Sluggish start for stocks after climb in unemployment claims

Sluggish start for stocks after climb in unemployment claims

Stocks were slightly lower Thursday after a surprise increase in the number of Americans filing for unemployment benefits gave investors pause. All three major indexes are still on pace to end the week higher after the strong gains Tuesday and Wednesday.

The S&P 500 fell less than 0.1% as of 10:05 a.m. Eastern. The Dow Jones Industrial Average fell 0.2% and the Nasdaq composite was up 0.2%.

The Labor Department reported that unemployment claims rose last week to 419,000, the most in two months and more than economists were expecting. Economists characterized last week’s increase as most likely a blip caused by some one-time factors and partly a result of the inevitable bumpiness in the week-to-week data.

 

That said, investors have been nervous about how well the economy is recovering after the pandemic along with lingering concerns that the delta variant of COVID-19, which is spreading rapidly across the country, may cause businesses and cities to put restrictions into place yet again.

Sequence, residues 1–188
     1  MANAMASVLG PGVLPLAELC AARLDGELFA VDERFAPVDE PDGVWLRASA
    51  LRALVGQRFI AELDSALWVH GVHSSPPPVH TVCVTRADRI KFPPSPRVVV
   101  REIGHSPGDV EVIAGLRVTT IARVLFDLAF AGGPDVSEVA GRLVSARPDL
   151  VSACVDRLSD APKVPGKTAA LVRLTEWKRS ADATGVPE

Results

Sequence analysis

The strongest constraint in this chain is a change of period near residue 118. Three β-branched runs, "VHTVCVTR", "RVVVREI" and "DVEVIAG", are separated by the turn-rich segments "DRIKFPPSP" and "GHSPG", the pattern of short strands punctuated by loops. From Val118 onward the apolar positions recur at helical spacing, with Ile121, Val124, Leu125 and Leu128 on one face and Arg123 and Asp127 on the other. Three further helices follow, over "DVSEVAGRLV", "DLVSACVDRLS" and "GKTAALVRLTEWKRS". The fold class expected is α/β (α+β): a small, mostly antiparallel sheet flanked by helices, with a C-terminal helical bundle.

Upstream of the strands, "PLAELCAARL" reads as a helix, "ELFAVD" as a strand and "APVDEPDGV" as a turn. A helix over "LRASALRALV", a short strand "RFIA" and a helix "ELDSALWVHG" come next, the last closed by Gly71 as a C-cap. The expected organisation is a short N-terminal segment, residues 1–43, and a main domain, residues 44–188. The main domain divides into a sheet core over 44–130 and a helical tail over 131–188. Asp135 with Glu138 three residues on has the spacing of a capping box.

The 10-year Treasury note was trading at a yield of 1.26% down from 1.28% the day before. While the benchmark yield has recovered from its low yields earlier in the week, it continues to trade at relatively low levels given that the economy is in a recovery.

Company earnings reports are continuing to roll out. Texas Instruments fell more than 4% after its results disappointed investors. The chip maker also gave a weak outlook for the second half of the year.

Union Pacific rose 2% after the railroad said its profits jumped 59% from a year earlier, helped by a 22% increase in cargo carried compared to a year earlier. The results also beat analysts' expectations. Domino's Pizza rose 7% after its results also surpasses estimates.

Intel and Twitter are among the companies that will report their results after the closing bell.